By Devin D. O'Leary
Way back in the day, heroes didn't need no stinkin' motivations. They were heroes. Pure and simple. They killed enemies, knocked over city walls and hunted down magical sheepskins if the legend so required. But in today's “let's all share our feelings with Dr. Phil” environment, storytellers can't resist the urge to examine everyone's inner child. Case in point: The overlong, overanalytical Troy.
It's “upfront” week in Los Angeles and, while the term may not mean much to the average Idiot Boxer, it's one of the most important words in the Hollywood lexicon. Upfront week is when the networks place their orders for new shows. For the past month or so, networks have been looking over the new crop of pilots, testing some of them in front of audiences and generally trying to guess which ones will be hits. This is the week that the networks put their money on the line, shelling out the dough for a full or half season worth of episodes.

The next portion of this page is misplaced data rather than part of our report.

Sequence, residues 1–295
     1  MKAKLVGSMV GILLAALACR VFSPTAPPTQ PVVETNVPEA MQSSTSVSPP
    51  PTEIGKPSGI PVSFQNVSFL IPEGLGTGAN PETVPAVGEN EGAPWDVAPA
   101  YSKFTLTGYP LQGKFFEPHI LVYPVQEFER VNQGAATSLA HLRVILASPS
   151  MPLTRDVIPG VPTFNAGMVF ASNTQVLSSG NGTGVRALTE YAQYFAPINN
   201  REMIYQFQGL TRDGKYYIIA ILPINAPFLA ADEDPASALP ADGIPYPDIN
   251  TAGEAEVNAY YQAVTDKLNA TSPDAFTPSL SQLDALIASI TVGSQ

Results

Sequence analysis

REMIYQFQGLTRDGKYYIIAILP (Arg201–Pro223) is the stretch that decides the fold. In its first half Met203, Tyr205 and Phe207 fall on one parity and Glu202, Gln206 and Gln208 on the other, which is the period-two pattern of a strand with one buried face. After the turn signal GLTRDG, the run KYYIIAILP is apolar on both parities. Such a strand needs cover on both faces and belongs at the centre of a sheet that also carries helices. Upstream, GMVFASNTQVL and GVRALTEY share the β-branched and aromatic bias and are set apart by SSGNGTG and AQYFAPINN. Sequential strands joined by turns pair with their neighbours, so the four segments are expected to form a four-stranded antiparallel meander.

It is with sadness that I report the tragic, untimely death of Morning Wood singer Chris Hotchkiss, who was killed in a traffic accident nearly two weeks ago. I didn't know Chris personally, but I did see his band a few times and know that he was a valued fixture in the Albuquerque music scene. A memorial show in Chris' name at the Launchpad is being planned, as is an article of remembrance and celebration of his life to be published in conjunction with the show in the weeks to come. My heartfelt condolences to Chris' family and friends. ... Fingerstyle guitarist Steven King with host a Taylor acoustic guitar workshop on Thursday, May 20, at the new Grandma's Music and Sound (9310 Coors NW, 292-0341) at 7 p.m. Admission is free! ... Vital Remains (featuring Deicide vocalist Glen Benton) will torture an all ages crowd at the Launchpad on Saturday, May 22, along with Black Dahlia Murder, Cattle Decapitation and Manias. ... Also on Saturday, if you're in the mood for a little jazz, check out Todd Simmons and Mary Birch at Milagro next to the Santa Ana Casino in Bernalillo. ... But if it's T Rex-esque rock 'n' roll swagger you're looking for that night, you might want to head to the Atomic Cantina for Chicago's The M's. ... Thanks to my man Mike Trujillo for the Jim Rome ticket!